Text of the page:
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We always choose customer experience over profits: Amit Dutta, CEO, Le Marche Retail

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Le Marche started its journey in 2005 and established its presence in its catchment areas as a premium grocery supermarket. In 2017, DS Group acquired the brand to transform it into a professional entity which can be scaled up in a calibrated way in line with the envisaged strategy for its retail business.
DS Group redefined its core value proposition, identified pillars of growth and worked towards strengthening them, upgraded store infrastructure and layouts in line with the revised strategy, established a high performance culture in the organisation with a professional team and process framework to back it up.
The organisation has been armed with the best in class IT systems to complete this transformation and all of this has yielded great results for the brand. The grocery supermarket ended 2019 with one of the highest growths in the retail segment, absolute best in class results against operational metrics with few stores clocking more than Rs 30,000 sale per square feet, enhanced customer acquisition and phenomenal employee engagement scores.
In a candid conversation with Progressive Grocer, Amit Dutta, CEO, Le Marche Retail shares the journey, impact of pandemic, strategies and learnings and future plans of the brand.
Excerpts from the interview:
How is Le Marche different from others in the same category?
We are different from the other brands on the basis of ownership, operations and value proposition to customers.
Unlike other companies most of whom are retail-focused or retail-driven, we are a consumer goods conglomerate with business interests across various verticals and retail is one of them. I myself am involved in a lot of other consumer goods initiatives of the group as an advisor to the board. We understand the space and consumer needs and see retailing as a logical extension to our endeavor of offering best quality products to the customers.
Secondly, we are in this business for the long run, so we are not creating short-term unsustainable value. Our focus on compliances, processes and investments in people and systems is a good enough testimonial of that fact.
Thirdly, our value proposition is different. Fundamental drivers of partnering with our customers in making them a better version of themselves through better food and lifestyle is the core of our business. We are in the business of providing variety of products and information so that informed choices can be made. All this is backed by a great shopping experience – the definition of experience has evolved in recent times to include safety, hygiene and sanitization in a bigger way. As a business it is our responsibility to provide options across all price points, origins and pack sizes unlike some of our peers.
The fundamental right of selection should be with the customer as perceptions can vary. For example, a small pack can be construed by many as a price point pack but there is good reason to believe it is also a freshness pack as it is aligned with one time consumption, so who are we to deny our customers that right of picking multiple single use packs rather than a single multi-use pack.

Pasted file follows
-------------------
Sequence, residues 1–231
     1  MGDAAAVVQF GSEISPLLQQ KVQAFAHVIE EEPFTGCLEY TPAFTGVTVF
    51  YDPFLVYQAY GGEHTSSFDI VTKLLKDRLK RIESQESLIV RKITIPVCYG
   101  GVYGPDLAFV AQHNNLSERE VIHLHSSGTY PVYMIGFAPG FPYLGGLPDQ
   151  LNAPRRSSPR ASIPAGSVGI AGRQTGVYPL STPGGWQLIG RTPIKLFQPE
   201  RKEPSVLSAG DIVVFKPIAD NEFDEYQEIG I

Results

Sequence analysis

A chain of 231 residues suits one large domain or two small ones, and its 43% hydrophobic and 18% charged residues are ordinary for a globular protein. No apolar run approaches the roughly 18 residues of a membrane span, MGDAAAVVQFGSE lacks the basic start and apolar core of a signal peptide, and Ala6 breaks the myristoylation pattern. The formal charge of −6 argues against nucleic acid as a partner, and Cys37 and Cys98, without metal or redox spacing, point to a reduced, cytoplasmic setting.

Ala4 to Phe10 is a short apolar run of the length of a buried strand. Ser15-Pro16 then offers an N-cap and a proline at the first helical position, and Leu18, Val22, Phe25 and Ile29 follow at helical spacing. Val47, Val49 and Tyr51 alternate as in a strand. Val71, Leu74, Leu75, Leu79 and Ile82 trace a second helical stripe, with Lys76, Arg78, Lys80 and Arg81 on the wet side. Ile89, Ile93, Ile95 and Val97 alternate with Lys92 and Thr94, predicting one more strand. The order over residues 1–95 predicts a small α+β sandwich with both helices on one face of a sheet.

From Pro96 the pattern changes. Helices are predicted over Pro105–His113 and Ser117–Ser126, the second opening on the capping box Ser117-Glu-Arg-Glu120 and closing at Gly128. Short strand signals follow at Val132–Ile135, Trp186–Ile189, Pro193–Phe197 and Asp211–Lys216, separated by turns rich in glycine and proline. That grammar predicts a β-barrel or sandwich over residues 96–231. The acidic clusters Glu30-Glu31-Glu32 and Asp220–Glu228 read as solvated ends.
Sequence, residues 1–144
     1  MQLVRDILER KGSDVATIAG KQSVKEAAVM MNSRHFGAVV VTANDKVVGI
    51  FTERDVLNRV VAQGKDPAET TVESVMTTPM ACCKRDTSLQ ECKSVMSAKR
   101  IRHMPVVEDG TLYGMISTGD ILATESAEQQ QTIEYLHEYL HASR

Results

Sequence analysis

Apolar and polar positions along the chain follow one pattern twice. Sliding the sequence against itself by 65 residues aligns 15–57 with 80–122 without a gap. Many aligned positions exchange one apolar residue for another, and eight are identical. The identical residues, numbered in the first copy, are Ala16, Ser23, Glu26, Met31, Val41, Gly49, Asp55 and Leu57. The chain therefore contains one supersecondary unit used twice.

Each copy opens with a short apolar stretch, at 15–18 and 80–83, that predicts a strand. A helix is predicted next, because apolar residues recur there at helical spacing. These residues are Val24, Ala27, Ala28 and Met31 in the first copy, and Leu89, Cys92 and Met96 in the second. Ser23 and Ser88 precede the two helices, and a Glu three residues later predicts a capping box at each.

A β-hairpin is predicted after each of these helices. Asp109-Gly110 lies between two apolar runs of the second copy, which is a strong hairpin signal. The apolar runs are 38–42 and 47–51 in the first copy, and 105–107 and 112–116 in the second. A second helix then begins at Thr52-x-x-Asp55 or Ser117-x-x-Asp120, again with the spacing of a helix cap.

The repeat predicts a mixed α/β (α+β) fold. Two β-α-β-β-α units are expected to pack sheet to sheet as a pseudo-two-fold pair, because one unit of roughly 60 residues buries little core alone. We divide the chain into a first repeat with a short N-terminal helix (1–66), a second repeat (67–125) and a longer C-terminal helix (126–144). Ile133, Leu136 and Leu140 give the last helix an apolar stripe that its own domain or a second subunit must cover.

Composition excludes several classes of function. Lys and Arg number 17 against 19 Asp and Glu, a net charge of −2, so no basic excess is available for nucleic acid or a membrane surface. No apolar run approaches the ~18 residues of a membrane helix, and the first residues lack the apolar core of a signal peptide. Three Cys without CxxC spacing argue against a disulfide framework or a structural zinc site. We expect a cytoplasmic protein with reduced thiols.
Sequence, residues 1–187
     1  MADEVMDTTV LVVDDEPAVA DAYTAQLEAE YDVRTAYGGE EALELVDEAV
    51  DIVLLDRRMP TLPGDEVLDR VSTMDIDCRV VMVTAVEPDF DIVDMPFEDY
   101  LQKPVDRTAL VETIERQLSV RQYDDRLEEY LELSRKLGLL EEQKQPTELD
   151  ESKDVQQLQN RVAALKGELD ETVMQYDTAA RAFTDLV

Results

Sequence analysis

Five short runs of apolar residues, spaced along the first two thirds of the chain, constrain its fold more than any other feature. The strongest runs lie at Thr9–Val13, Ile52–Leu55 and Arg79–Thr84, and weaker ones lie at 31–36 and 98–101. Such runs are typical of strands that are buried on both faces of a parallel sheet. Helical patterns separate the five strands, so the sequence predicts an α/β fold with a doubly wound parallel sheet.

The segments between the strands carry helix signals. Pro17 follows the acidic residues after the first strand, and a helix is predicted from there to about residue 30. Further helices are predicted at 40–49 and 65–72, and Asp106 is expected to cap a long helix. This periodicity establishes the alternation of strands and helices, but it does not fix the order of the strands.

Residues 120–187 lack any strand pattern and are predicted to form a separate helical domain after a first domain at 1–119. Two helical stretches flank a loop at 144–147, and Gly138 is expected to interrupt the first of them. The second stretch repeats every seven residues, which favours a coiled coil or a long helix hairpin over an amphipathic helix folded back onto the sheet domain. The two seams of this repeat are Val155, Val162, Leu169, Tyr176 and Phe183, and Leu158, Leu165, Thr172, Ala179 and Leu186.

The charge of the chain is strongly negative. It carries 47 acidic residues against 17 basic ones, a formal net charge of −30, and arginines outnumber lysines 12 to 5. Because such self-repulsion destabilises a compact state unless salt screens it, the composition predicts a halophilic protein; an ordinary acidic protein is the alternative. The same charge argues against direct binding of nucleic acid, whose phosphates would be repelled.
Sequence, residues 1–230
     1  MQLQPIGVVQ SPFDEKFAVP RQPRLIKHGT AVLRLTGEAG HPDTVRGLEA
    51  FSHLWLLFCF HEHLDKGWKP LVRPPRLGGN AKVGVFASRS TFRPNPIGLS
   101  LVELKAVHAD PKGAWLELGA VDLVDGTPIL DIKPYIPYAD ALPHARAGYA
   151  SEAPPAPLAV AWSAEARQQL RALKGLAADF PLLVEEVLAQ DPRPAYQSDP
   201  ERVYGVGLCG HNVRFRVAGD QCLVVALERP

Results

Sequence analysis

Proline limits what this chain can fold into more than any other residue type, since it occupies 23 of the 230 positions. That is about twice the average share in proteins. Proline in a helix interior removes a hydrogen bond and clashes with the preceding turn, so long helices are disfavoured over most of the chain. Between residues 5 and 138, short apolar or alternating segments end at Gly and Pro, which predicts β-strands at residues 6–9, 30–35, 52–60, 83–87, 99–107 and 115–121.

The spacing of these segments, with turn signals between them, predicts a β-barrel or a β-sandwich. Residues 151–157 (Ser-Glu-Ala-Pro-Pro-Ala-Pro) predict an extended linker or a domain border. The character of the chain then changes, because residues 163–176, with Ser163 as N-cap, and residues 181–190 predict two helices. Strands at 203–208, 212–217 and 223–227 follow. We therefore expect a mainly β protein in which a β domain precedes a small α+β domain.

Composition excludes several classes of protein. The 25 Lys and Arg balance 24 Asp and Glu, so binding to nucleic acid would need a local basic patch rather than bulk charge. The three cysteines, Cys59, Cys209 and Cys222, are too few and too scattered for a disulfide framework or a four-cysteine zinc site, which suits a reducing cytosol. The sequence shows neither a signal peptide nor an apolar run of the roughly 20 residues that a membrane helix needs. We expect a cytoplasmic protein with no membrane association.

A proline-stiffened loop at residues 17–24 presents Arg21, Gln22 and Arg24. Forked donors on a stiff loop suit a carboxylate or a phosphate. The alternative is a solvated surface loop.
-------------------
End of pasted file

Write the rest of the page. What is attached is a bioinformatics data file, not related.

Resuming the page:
Similarly, we focus equally on Indian and imported products as both categories have their own positives.
We make sure that each product is commercially viable for the space that it occupies has a guard rail for our merchandising strategy.
Traditionally, Le Marche has been seen as heavily dependent only on imported products and a niche player, but we have worked hard over the last two years to change that around to have a more inclusive merchandising strategy. From a business standpoint that ensures better transaction efficiencies for us.
We do not offer deep discounting because we believe that business strategy should be sustainable and prudent and given the margins in grocery retail, deep discounting is clearly not a prudent strategy. It may work for capital intensive models wherein rentals are not a part of P&L.
Tell us about your market presence
Currently, we are focusing on Delhi/ NCR with 50,000+ sq.ft. of retailing space and looking to further build on this through both physical and digital retailing. We are actively looking for inorganic growth options outside Delhi/ NCR as well.
What is the location strategy for your stores? Which locations do you prefer and what part do they play in your store sales?
Apart from location, store area and floor sizes also play an important part in our store selection. Given our focus on variety and experience as our core value proposition for our customer base, we need decent amount of space to bring that to life.
The fact that deep discounting is not core to our existence is also a contributor to our location strategy.
We prefer stores spanning across 6,000-10,000 sq.ft., preferably not split across multiple levels. We prefer stores in upscale localities where we can get customers who are looking at value from retailers other than just pricing advantage.
Share your omnichannel strategy with us.
We had stayed away from digital all these years given lack of a differentiator for online customer who has a more transactional need for shopping and looks at price advantages. We decided to stay focused on offline expansion. For convenience needs of our loyal customer base, we had a robust home delivery system.